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					                   Using Credit Cards: Key Points (teacher copy)


• Credit
      cards can be more convenient than carrying cash, but remember, you always have to pay the
money back.

• In
   general, people spend more when they use credit cards instead of cash. It can be easy to get in over
your head with credit card debt before you know it!

   a general guideline, never borrow more than 20% of your yearly net income. That’s the amount of
• As
money you take home in a year after taxes and other deductions. A second guideline is that less than
10% of your monthly income should go toward paying off credit card bills.

• Tokeep your credit card spending under control, try this strategy: use cash or your debit card for
everyday purchases. Save your credit card for buying larger, more lasting items. But before you actually
use your card, think through what you want to buy and how you’re going to repay the money.

• Loans are called “installment” credit, meaning you receive the money once and pay it back over time in
installments. Credit cards are called revolving credit because as you pay the money back, your credit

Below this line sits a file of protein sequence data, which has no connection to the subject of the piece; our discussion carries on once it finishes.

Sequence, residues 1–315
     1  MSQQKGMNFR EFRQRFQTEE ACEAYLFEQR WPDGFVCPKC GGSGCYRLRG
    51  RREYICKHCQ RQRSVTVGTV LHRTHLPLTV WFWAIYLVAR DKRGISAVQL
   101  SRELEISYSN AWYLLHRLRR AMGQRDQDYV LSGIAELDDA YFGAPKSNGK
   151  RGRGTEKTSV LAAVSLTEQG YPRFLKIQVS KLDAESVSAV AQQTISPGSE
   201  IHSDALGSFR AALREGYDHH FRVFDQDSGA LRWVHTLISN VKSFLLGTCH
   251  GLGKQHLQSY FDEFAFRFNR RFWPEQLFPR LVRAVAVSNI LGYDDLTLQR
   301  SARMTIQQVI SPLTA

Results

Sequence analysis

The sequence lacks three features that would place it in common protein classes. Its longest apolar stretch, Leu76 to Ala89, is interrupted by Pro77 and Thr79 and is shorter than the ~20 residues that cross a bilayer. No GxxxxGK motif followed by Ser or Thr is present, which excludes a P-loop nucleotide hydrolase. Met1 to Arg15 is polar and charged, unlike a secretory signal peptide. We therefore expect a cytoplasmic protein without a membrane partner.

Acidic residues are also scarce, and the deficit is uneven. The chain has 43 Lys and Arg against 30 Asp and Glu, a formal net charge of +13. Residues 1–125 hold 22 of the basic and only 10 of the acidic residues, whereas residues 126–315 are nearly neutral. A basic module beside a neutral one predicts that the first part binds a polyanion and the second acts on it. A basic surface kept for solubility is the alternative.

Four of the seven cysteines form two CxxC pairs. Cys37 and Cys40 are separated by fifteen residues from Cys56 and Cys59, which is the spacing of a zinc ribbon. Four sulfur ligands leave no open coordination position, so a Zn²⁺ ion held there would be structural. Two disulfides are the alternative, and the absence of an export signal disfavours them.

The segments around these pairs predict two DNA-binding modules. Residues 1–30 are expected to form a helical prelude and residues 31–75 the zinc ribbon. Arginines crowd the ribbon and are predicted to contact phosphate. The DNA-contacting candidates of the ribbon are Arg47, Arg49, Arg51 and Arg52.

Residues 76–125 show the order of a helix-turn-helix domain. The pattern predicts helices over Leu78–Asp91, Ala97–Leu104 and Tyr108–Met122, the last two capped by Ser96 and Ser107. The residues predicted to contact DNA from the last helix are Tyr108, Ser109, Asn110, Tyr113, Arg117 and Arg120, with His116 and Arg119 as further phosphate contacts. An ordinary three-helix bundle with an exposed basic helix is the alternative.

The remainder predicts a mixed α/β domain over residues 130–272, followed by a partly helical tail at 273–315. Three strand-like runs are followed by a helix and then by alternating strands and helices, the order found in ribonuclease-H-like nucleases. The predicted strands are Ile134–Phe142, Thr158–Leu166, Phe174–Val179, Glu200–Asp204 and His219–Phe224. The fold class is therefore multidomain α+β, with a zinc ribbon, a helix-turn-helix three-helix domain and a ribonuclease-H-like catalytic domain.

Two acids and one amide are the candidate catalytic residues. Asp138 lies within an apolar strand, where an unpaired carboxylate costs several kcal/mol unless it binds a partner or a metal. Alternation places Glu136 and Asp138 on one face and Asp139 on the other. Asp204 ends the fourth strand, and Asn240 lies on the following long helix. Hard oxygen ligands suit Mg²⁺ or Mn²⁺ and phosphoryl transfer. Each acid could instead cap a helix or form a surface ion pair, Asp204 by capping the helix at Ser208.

becomes available for you to use again and again.

• Everytime you use your credit card, you’re actually borrowing money from the financial institution that
issued you the card. The financial institution pays the debt to the store for what you bought. In turn, you
pay the money back to the financial institution.

• Asa reminder, when you use your debit card, the money is deducted directly from your checking
account. When you use a credit card, you receive a monthly bill you have to pay.

• Many financial institutions offer credit cards. Some will charge you an annual fee to have one. When
you apply for a card, they’ll check your credit history and decide whether or not to give you a card. They’ll
also decide how much you’re allowed to borrow, or “charge.” This is called your credit limit. If the credit
card company issues you a card, they’ll let you know what your credit limit will be.

• Ifyou haven’t established a good credit history yet, some lenders offer secured credit cards. These are
ideal for people who are starting out on their own or need to rebuild their credit. To qualify, you’re
normally required to open a savings account with a balance equal to the credit limit of the card. For
example, if you want a credit card with a five hundred dollar limit, you must have five hundred dollars in
your account. This gives the lender security that you can pay them back, and some lenders will pay you
interest on this balance. By establishing a good payment history with your secured credit card, you can
improve your qualifications for unsecured credit in the future.

     always a good idea to shop around for the credit card with the lowest interest rate and lowest annual
• It’s
fee you can find. Compare the two examples below. In both cases, customers used a credit card to
purchase a large-screen TV with a $500 price tag, and made a $100 payment each month. But note how
the difference in the interest rate affects the total amount of interest each customer paid: